Post 2000, and as designer?s looked for a sweet spot in **IRC Rating** #, the foresail was dropped to an non-overlapping jib and bigger spinnaker to get more performance for same number. In simple numbers of a sample yacht with main 30m2, genoa at 30m2 and spinnaker at 60m2, this historic calculation would have been Mainsail (*100%) + foresail (*60%) and spinnaker (*40%), a total area of 30+18+24=72m2

Now with non-overlap, can drop the foresail by about 20% and up the spinnaker by 20%, and turn the boat into a relative bandit with data now at:

30(100%) +24(60%) +72(*40%) and end up with a total area of 30+14.4+28.8 = 73.2

So effective rating goes up by 1.6%, but by remodeling jib and mast with higher mast hounds to grow LL measure, can get the same upwind power with smaller and taller high aspect jib, but generate a huge increase in downwind sail area by 12.0m2 (from 90m2 to 102m2), an increase of 13.3% in area.

Now compare actual combined area of overlapping sail at 120M and rating 72m2, vs. non overlapping sail areas of 126m2 and rated area of 73.8.

i.a.w. 6 m2 of extra sail area brought a rating penalty only 1.8m2. No surprise the change in trends post 2000 for this sail configuration advantage under said ?secret formula?.

But speed is a factor of immersed waterline x power factor. Power factor, ignoring constants, would be an approximation of cube root of (S/A)/ quad root of (D), with D in this case being a constant as is comparative of sail configuration on same hull.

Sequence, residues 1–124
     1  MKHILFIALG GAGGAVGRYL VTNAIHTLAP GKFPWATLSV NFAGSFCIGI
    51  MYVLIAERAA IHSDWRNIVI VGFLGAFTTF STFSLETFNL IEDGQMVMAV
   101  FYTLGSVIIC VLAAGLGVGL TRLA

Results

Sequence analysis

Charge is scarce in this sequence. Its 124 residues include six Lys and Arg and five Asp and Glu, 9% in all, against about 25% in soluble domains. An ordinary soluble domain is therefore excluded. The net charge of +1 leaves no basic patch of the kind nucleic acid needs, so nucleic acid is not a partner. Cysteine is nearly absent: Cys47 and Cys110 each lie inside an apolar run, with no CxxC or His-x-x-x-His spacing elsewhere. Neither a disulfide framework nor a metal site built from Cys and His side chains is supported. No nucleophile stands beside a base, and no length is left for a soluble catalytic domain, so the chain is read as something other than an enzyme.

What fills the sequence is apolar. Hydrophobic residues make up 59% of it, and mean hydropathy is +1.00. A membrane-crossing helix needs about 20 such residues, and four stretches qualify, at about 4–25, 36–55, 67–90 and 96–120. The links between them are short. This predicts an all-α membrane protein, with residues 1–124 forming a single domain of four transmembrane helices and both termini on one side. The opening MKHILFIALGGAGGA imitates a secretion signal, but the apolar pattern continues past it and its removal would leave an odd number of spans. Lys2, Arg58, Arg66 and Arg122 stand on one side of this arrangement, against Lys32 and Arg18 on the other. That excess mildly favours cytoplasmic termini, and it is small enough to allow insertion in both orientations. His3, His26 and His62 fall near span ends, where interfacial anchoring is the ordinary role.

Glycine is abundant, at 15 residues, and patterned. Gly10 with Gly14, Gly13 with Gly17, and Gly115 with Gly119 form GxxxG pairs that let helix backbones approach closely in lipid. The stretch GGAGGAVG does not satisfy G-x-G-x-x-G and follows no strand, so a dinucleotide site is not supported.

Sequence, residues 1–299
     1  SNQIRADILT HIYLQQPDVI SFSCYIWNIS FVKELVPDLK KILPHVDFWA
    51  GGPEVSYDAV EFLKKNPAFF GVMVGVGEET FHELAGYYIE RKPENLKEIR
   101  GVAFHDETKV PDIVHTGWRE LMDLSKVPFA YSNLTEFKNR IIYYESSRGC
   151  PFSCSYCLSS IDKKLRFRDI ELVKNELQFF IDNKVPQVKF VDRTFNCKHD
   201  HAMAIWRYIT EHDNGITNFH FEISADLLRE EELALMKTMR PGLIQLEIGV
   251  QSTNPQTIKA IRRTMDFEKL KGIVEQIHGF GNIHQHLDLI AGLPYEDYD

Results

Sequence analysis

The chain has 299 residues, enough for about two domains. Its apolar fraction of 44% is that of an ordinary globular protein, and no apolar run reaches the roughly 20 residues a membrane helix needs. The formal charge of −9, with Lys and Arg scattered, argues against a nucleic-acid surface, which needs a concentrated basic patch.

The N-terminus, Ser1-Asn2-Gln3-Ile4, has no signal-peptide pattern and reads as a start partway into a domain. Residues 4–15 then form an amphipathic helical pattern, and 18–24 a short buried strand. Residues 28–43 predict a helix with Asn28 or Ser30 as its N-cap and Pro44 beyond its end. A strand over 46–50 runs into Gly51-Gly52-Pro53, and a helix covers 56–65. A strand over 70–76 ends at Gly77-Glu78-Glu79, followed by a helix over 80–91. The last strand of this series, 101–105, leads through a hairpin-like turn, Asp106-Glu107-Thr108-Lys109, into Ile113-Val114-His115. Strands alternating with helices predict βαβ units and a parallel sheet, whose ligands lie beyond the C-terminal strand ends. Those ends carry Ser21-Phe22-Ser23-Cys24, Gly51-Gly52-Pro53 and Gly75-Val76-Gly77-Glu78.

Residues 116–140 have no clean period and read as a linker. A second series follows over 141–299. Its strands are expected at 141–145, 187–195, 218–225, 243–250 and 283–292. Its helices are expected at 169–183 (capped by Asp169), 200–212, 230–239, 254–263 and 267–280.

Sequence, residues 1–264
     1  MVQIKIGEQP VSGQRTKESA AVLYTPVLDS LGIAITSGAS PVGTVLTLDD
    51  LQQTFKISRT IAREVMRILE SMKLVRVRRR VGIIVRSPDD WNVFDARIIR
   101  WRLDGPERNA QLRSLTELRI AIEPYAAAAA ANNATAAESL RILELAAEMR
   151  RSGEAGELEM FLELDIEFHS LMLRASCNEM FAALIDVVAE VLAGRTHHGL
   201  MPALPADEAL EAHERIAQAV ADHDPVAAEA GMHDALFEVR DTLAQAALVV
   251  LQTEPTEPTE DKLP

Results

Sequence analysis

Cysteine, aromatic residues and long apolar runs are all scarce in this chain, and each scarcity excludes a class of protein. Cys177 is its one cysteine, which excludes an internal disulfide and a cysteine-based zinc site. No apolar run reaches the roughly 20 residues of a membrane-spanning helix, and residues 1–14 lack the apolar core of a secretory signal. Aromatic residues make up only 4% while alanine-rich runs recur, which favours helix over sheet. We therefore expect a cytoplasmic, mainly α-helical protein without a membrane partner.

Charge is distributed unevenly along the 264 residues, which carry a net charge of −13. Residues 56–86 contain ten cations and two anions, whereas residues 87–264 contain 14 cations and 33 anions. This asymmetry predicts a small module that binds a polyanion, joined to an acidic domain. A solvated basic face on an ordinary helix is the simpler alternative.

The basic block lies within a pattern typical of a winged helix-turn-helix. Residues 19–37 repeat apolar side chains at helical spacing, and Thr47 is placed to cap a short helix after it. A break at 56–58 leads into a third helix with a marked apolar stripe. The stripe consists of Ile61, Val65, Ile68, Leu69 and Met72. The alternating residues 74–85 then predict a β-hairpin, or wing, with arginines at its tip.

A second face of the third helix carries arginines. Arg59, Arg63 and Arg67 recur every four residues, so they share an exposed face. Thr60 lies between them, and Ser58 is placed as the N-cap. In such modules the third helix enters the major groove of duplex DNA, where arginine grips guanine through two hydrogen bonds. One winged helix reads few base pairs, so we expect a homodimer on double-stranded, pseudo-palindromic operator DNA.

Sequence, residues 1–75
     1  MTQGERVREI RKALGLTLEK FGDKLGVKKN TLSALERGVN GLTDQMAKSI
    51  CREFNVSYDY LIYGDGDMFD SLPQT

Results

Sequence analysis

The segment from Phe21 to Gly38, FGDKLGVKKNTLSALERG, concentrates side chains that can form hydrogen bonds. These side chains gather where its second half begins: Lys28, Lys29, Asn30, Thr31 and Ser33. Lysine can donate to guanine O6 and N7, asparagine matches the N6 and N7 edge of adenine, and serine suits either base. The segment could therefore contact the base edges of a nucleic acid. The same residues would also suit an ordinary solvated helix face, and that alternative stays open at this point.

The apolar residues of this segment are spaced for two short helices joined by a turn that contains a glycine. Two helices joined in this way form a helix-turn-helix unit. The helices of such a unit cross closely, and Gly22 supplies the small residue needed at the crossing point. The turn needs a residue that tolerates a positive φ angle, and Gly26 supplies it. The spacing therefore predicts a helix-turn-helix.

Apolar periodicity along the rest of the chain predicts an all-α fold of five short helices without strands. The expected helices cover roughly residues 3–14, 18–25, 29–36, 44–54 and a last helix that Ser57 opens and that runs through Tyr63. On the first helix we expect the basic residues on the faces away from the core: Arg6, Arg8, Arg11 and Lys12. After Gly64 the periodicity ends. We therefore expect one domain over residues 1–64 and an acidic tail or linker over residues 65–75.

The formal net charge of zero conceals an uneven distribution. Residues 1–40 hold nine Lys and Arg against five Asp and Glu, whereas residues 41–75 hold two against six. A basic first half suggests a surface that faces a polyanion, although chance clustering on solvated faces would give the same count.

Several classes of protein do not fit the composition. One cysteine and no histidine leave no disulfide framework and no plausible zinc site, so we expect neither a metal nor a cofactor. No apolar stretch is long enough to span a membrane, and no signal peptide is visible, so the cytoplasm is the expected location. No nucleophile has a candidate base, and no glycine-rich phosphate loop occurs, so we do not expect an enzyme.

The net performance advantage # here would be about 2.36% downwind, and if factor into downwind distance at 40%, we have a net rating advantage of about 0.95%. Does not sound like much, but with top 3 boats corrected time often within 1% and seconds between boats, said advantage is about 34 seconds a hour ( IRC ?TOT? talk ) or just under 6 seconds/mile (USA talk) advantage.

Some post 2000 designs, such as fractionally rigged Performance Cruisers, don?t rate at all well under IRC. They have same LL/P measure as a masthead rig in many cases, but have very moderate area overlapping genoa?s (as are a fast cruiser with no pretentions of being a racer), but are seen by the LL/P measure as having huge genoa area in region of 50% bigger than mainsail area, when have genoa area?s usually equal to or very close to mainsail area. A complete disaster for boats such as these in rating model, and a flaw in said **IRC Rating** Secret Formula model.

With pattern of **IRC Rating**?s providing closest racing in and around the 12 to 14kts wind speed range for a lot of the fleet, and with data close to ORCi and LYS in light wind (5-6 m/s) regions, those racing in windier areas can profile their boat for downwind performance as is very cheap on spinnaker rating and can get a lot more downwind speed for little rating cost.